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Hallmark Building

Kiddie Academy wants to occupy the former Hallmark store on the corner of Main and Summit streets in Crown Point.

It's one thing to oppose a feasible government idea to fix a long-standing problem when the naysayer also is proposing a better alternative to solving the issue.

But when opposition digs in and simply says no, offering no counter-solutions, it's a clear sign of bad government.

A majority on the Crown Point City Council recently exhibited such deficient judgment in rejecting an economic development designation — and potential tax abatement — that would have paved the way to making use of a long-shuttered and moldering property on the doorstep of city's downtown.

The council should reconsider its position unless it has a better plan for ensuring the productive use of a property that has been vacant and blighted for 10 years.

At issue is the former Hallmark building on Main Street, just north of the downtown square.

Petitioners for a proposed child day-care center sought a designation for the site as an economic revitalization area, which would make it eligible for a tax abatement.

The designation is something often used for blighted properties, and the long-shuttered Hallmark building, visibly in internal disrepair by anyone peering through its windows, fits the bill.

The Crown Point Economic Development Committee narrowly passed a recommendation for the designation on a 4-3 vote.

But by an inverse margin, the Crown Point City Council recently voted 4-3 to not award the designation.

Crown Point Mayor Uran, who supports the designation as a means to finally make use of a blighted property, said he now fears the project will evaporate and the building will continue moldering.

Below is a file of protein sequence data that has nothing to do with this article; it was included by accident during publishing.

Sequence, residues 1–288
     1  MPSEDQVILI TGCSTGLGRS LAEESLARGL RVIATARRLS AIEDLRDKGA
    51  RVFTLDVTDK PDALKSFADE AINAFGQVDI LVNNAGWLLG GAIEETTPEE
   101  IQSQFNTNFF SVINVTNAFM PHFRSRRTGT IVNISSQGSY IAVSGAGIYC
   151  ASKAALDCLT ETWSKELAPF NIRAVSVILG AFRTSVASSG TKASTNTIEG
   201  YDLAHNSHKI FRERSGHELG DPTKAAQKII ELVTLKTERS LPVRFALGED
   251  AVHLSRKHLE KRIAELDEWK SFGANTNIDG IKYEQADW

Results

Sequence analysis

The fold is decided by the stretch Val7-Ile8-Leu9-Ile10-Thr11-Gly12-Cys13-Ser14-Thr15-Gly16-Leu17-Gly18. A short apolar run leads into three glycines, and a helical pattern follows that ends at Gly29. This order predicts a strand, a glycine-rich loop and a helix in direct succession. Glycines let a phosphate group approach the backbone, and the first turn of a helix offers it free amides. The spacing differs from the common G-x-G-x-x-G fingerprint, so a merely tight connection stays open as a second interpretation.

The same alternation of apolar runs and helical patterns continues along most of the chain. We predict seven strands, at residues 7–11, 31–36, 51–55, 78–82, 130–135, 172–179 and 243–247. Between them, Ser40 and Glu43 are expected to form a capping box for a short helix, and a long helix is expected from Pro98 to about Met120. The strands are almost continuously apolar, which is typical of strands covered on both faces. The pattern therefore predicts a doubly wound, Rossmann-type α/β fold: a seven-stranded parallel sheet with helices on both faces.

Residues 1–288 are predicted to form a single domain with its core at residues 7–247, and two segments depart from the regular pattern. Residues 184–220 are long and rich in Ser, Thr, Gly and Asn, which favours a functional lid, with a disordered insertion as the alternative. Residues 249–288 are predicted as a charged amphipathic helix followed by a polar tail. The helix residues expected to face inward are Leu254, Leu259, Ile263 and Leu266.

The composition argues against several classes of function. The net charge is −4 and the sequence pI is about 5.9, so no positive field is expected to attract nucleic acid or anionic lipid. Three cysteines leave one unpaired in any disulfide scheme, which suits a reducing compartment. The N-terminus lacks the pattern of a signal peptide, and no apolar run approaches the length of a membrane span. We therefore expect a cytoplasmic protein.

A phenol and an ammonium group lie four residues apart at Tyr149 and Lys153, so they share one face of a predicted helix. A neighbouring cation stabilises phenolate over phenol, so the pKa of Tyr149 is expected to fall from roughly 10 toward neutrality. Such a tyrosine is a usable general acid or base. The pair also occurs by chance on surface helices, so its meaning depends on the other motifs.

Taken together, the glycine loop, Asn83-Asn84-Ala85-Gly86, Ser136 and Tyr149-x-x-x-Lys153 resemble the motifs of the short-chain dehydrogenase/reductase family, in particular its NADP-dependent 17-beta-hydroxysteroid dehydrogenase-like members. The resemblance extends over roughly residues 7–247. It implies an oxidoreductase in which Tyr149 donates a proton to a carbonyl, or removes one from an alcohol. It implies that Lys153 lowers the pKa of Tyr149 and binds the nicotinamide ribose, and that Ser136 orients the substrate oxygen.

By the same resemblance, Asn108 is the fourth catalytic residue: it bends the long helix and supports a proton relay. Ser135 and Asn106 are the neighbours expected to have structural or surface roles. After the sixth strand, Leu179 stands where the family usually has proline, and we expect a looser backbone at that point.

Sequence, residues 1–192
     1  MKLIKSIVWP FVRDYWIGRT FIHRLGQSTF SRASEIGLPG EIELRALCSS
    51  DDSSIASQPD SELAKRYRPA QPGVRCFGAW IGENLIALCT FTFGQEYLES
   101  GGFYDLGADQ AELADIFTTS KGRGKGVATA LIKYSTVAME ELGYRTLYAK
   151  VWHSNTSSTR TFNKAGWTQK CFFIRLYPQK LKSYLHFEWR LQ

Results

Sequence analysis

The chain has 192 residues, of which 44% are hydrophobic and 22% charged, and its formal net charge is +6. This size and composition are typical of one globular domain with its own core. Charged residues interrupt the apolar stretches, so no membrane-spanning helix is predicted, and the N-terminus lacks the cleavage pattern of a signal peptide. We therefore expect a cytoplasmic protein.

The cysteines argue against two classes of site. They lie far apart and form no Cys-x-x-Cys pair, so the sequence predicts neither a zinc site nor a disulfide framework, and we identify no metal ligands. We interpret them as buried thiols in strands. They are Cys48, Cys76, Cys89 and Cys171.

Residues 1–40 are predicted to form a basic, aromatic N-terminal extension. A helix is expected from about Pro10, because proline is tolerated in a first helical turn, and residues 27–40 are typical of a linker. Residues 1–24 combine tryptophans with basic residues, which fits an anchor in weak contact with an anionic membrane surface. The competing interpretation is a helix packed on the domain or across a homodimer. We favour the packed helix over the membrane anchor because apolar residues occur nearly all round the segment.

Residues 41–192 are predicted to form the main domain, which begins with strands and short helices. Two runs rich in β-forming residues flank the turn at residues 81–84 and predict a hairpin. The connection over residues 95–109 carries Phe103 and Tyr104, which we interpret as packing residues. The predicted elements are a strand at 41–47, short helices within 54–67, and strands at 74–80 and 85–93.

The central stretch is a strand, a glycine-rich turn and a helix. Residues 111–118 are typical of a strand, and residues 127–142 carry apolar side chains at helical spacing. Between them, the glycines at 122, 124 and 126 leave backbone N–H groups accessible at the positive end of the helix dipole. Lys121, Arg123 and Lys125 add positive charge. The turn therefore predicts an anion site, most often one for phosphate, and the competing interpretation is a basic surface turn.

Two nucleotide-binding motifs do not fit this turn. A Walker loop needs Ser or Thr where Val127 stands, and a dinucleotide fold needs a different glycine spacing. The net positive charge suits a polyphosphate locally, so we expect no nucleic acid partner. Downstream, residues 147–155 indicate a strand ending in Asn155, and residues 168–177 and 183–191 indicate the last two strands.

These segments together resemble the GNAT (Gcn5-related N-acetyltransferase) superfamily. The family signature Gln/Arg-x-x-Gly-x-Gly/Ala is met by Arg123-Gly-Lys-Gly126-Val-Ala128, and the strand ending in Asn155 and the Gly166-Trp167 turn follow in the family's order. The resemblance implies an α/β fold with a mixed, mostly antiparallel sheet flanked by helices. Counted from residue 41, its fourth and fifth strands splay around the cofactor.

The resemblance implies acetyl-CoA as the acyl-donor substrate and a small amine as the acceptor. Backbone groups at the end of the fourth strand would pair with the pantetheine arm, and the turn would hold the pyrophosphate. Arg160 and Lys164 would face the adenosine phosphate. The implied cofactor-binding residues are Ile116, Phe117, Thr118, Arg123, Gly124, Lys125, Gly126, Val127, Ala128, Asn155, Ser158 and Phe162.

We also hope it's not too late for the council to realize its folly and reconsider.

The designation would open the door for a tax abatement for the day care project, which the petioners believe would allow the plan to financially move forward.

The payoff in a blighted property, so close to the city's downtown epicenter, finding new life would be worth it.

Meanwhile, none of the council members who opposed the designation — Scott Evorik, Laura Sauerman, T.J. Wigmore and Carol Drasga — appear to have any alternative plans waiting in the wings.

Crown Point is making great strides in becoming a true "Hub City" of Northwest Indiana.

Brownfields turned into youth sports complexes and many abandoned properties finding new use in recent years are proof positive.

The former Hallmark property should be front and center in those plans.

It's time for a change of heart and a new vote. Our Region won't improve based on "No" votes backed by no alternative solutions.


Members of The Times Editorial Board are Publisher Christopher T. White, Local News Editor Marc Chase, Lake County Editor Crista Zivanovic, Porter/LaPorte County Editor Doug Ross and Deputy Local Editor Erin Orr.